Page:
Gardening

Chlorella: properties, benefits and how to take this algae

You may have already heard about the properties of Chlorella. It is, along with Wheat Grass and the famous Spirulina , considered by many to be a super food.

In this article we give you all the current information available on Chlorella so that you know the most remarkable about its nutritional virtues, what it is good for, how it is taken and its possible contraindications.

Nowadays you can find a multitude of nutritional supplements, but if you want to take them with peace of mind, we only recommend the Bio Nutritional Supplements because they have organic certification, have passed more controls, have an assured quality and avoid exposing yourself to problems.

Do not miss the video that we have prepared for you with a summary of this post, it is at the end of the article.

What is Chlorella?

Chlorella is a unicellular microalgae of green color and spherical shape, with a diameter between 100 and 1000 times less than 1 millimeter and that contains chloroplasts, structures in charge of carrying out photosynthesis.

Algae, in general, live in both fresh and salt water, absorbing, transforming and concentrating elements such as vitamins, minerals and trace elements.

Of the more than 35,000 species of microalgae identified, about 50 are used in different applications in nutrition and cosmetics , in addition to industrial processes such as the production of biofuels, biofertilizers and remediation processes by detoxification of heavy metals.

Due to their nutritional properties , those of the genus Chlorella are used in the manufacture of nutritional supplements and cosmetic products against aging, as well as to stimulate the immune system. Make sure you choose Organic Chlorella to get all its benefits.

The Blue cosmetic , as known to the cosmetic treatment and prevention using both macroalgae and microalgae uses of the genus Chlorella particularly in anti – aging treatments .

In the field of food, Chlorella has been marketed for more than 60 years in Asian countries, being accepted as a dietetic-medicinal product and marketed in presentations such as tablets, capsules, tablets and powdered preparations.

On the other hand, Chlorella extract and other microalgae are also used in the preparation of yogurts, pasta, bread and beverages in different countries, considering them highly valuable additives for the preparation of functional foods.

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Chlorella nutritional value

It contains large amounts of protein (45% of the dry weight) that includes all the essential amino acids, fats (20%), carbohydrates (20%), fiber (5%) and a significant amount of vitamins and minerals (10%).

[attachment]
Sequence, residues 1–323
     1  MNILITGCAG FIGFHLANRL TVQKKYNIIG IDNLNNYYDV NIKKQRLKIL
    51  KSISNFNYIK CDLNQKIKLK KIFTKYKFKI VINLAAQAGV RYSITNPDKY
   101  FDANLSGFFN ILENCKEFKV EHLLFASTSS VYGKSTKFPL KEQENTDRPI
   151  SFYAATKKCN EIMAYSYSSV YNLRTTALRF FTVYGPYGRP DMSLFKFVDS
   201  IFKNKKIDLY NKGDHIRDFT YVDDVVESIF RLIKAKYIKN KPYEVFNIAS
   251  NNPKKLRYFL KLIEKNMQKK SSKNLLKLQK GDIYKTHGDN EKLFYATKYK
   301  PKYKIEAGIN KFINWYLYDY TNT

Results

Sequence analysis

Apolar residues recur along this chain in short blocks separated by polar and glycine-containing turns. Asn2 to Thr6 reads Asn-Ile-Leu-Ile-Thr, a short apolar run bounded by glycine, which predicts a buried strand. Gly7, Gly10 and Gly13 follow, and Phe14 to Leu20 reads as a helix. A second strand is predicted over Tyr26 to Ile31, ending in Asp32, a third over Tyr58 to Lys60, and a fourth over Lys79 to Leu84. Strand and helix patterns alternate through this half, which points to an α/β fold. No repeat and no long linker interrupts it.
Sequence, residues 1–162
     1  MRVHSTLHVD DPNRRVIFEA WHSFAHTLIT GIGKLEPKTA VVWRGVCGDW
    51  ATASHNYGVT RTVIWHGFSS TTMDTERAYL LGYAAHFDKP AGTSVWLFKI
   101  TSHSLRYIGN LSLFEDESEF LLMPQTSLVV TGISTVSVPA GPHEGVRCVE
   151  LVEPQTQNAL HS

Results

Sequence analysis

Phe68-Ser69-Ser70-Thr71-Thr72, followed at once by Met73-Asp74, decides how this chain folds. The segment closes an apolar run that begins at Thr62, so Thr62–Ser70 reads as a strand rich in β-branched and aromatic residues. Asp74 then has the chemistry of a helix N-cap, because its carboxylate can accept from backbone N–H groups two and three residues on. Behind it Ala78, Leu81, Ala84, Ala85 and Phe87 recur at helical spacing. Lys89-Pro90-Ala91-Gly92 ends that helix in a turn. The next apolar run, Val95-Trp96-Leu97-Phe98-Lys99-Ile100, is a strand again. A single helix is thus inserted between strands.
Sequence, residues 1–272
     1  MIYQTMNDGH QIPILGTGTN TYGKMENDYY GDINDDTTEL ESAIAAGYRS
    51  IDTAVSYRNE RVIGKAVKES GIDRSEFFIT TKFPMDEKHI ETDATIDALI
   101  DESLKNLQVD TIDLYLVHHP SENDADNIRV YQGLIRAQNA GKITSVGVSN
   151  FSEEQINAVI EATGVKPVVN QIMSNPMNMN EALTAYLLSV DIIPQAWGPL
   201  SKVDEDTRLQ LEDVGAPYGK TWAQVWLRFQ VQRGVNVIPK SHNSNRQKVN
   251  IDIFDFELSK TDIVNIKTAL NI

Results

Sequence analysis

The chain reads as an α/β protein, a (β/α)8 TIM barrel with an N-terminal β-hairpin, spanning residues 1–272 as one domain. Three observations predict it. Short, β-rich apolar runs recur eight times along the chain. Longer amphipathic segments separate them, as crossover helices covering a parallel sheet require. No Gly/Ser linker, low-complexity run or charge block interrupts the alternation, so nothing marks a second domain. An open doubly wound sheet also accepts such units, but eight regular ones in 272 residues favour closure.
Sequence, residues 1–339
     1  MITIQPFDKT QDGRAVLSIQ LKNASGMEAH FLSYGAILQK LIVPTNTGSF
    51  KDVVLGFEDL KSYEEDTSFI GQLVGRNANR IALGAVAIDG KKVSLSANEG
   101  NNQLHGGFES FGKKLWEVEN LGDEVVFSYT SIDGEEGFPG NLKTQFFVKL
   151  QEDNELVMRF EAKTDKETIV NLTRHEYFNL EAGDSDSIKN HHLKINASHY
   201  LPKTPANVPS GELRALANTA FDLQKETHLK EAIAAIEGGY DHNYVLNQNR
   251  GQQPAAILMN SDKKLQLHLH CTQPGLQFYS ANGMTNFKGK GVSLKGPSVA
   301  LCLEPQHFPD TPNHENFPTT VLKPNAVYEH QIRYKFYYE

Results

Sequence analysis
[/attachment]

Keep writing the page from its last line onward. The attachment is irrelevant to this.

Chlorella stands out for its extraordinary chlorophyll content and the contribution of Vitamin A , Vitamin C , Vitamin D , and vitamins of group B such as: B1, B2, B6, B9 (folic acid) and active B12. The vegans and vegetarians should also be supplemented with B12 despite consuming Chlorella.

As for minerals, this microalgae provides us with iron , phosphorus , magnesium , potassium and zinc.

Therapeutic action of Chlorella

In addition to its nutritional value, several trials have shown that this algae modulates the mechanisms of the immune system and counteracts the growth of cancer cells.

Due to its digestive action it is used in the treatment of gastric ulcers and due to its cardioprotective action it is preventive against ailments as common today as arteriosclerosis and hypercholesterol, in addition to the control of hypertension .

The most important substance obtained from chlorella is β-1,3-glucan, an active immunostimulant that protects against free radicals that also reduces blood lipid levels (lipidemia).

chlorella uses

What is chlorella good for? Benefits of its consumption

Depending on the treatment given to the microalgae to obtain extracts, different benefits are distinguished:

Aqueous extract :

It is prepared from dry powdered biomass subjected to a heat treatment and centrifugation to eliminate cellular debris.

This extract has a higher protein concentration than carbohydrates, with a mixture of amino acids and minerals that give it valuable nutritional qualities.

Hydroalcoholic extract :